• 3 Marines killed in roadside bombing in Afghanistan were based in Mass.

    Updated:

    DEVENS, Mass. - The Pentagon has released the identities of three Marines killed in a roadside bombing of an American convoy in Afghanistan on Monday, all of whom were based at Fort Devens.

    They are Cpl. Robert A. Hendriks, 25, of Locust Valley, New York; Sgt. Benjamin S. Hines, 31, of York, Pennsylvania; and Staff Sgt. Christopher K.A. Slutman, 43, of Newark, Delaware.


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    Christopher Slutman, a 15-year New York City fire department member, leaves behind his wife, Shannon, and three daughters.

    "Firefighter Slutman bravely wore two uniforms and committed his life to public service both as a New York City firefighter and as a member of the United States Marine Corps," Fire Commissioner Daniel Nigro said in a written statement.

    The three were assigned to the 25th Marine Regiment, 4th Marine Division of the Marine Corps Reserve, based in Fort Devens, Massachusetts.

    U.S. forces in Afghanistan revised on Tuesday the death toll from a Taliban attack the previous day near the main American base in the country, saying three service members were killed but not a contractor who was initially reported among the fatalities.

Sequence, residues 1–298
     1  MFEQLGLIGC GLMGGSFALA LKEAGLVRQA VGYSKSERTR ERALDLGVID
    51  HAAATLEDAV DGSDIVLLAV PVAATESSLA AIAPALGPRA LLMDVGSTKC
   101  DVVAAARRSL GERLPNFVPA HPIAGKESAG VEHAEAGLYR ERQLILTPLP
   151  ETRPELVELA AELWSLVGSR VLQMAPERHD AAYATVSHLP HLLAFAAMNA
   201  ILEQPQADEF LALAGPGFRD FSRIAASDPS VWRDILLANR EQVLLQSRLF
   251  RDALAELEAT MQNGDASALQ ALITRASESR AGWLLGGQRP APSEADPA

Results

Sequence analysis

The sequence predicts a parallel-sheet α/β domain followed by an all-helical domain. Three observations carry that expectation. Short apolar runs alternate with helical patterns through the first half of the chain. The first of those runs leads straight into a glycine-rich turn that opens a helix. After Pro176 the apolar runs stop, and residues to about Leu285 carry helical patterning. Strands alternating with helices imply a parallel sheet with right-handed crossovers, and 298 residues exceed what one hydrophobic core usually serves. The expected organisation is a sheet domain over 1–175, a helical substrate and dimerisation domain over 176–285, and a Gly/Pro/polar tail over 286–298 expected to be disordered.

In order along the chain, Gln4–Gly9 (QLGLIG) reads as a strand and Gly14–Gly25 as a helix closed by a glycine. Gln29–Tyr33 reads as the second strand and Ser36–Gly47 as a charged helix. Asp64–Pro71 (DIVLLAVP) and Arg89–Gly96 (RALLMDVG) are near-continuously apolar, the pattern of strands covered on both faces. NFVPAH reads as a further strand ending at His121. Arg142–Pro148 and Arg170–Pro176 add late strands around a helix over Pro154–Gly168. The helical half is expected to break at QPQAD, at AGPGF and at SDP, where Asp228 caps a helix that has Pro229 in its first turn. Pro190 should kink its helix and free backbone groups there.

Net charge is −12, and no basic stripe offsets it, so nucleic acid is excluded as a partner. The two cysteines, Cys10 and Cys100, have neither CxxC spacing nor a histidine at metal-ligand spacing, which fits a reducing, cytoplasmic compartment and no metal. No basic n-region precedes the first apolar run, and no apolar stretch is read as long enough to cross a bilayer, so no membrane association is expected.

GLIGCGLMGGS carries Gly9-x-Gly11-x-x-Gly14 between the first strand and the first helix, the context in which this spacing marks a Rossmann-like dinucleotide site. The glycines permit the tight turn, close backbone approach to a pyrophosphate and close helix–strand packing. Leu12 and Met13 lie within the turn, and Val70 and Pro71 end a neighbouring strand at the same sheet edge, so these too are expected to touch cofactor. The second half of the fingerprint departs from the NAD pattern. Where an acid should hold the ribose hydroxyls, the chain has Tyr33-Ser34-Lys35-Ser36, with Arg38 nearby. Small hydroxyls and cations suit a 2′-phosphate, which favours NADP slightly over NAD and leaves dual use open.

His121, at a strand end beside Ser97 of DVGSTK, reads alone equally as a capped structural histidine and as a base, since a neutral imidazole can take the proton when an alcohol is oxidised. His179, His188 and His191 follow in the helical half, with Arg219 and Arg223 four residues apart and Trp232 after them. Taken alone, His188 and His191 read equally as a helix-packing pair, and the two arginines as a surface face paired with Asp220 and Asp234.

The U.S. and NATO Resolute Support mission issued a statement "to clarify initial reporting" about Monday's roadside bombing of an American convoy near the main U.S. base. The Taliban claimed responsibility for the attack.

    Monday's U.S. fatalities bring to seven the number of U.S. soldiers killed so far this year in Afghanistan, underscoring the difficulties in bringing peace to the war-wrecked country even as Washington has stepped up efforts to find a way to end the 17-year war, America's longest.

    There are about 14,000 U.S. forces in Afghanistan, supporting embattled Afghan forces as they struggle on two fronts — facing a resurgent Taliban who now hold sway over almost half the country and also the Islamic State affiliate, which has sought to expand its footprint in Afghanistan even as its self-proclaimed "caliphate" has crumbled in Syria and Iraq.

    Last year, 13 U.S. service members were killed in Afghanistan.

    The Taliban have continued to carry out daily attacks on Afghan security forces despite holding several rounds of peace talks with the United States in recent months. The Taliban have refused to meet with the Afghan government, which they view as a U.S. puppet.

    The Associated Press contributed to this report

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